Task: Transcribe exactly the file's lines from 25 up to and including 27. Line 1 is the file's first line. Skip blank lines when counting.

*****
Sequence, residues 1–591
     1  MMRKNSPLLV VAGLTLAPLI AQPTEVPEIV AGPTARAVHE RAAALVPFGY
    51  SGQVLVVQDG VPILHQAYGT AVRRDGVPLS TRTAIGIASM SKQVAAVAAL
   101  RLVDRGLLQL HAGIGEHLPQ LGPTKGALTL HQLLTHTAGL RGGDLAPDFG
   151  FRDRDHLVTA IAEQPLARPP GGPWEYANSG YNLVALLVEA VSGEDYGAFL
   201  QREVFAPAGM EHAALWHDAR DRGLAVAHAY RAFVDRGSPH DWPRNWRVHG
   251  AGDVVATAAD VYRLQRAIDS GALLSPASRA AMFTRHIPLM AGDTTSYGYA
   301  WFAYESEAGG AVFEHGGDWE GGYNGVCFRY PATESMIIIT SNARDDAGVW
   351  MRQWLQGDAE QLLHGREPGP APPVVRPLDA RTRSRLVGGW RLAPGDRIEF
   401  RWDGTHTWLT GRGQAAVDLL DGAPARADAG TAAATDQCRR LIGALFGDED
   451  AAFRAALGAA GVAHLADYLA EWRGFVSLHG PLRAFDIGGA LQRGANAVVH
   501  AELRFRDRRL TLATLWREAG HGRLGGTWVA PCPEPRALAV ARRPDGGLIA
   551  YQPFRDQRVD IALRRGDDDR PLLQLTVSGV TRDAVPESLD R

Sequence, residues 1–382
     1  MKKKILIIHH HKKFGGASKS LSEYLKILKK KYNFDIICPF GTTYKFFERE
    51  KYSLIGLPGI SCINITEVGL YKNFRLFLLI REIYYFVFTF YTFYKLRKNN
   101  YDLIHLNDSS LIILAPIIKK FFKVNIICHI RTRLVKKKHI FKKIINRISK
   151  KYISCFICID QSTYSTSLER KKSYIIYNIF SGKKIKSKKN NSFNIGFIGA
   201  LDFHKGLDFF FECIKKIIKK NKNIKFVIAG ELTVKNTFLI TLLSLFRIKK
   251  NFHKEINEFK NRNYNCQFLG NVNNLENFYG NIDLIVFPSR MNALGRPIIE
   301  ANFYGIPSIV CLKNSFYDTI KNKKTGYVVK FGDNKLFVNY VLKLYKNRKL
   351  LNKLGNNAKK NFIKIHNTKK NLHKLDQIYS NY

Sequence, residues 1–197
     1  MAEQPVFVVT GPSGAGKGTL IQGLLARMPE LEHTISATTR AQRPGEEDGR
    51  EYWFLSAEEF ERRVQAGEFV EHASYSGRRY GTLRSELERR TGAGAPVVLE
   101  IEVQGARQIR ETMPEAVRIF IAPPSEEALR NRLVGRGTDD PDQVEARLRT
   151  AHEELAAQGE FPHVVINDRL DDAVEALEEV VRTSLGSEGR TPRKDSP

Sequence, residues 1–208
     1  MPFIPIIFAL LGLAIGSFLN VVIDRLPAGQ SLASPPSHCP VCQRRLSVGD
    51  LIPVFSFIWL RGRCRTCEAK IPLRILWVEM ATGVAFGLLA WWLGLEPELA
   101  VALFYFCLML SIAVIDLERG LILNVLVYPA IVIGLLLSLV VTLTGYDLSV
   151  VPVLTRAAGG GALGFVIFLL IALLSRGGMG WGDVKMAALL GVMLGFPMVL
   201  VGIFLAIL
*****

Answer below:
    51  EYWFLSAEEF ERRVQAGEFV EHASYSGRRY GTLRSELERR TGAGAPVVLE
   101  IEVQGARQIR ETMPEAVRIF IAPPSEEALR NRLVGRGTDD PDQVEARLRT
   151  AHEELAAQGE FPHVVINDRL DDAVEALEEV VRTSLGSEGR TPRKDSP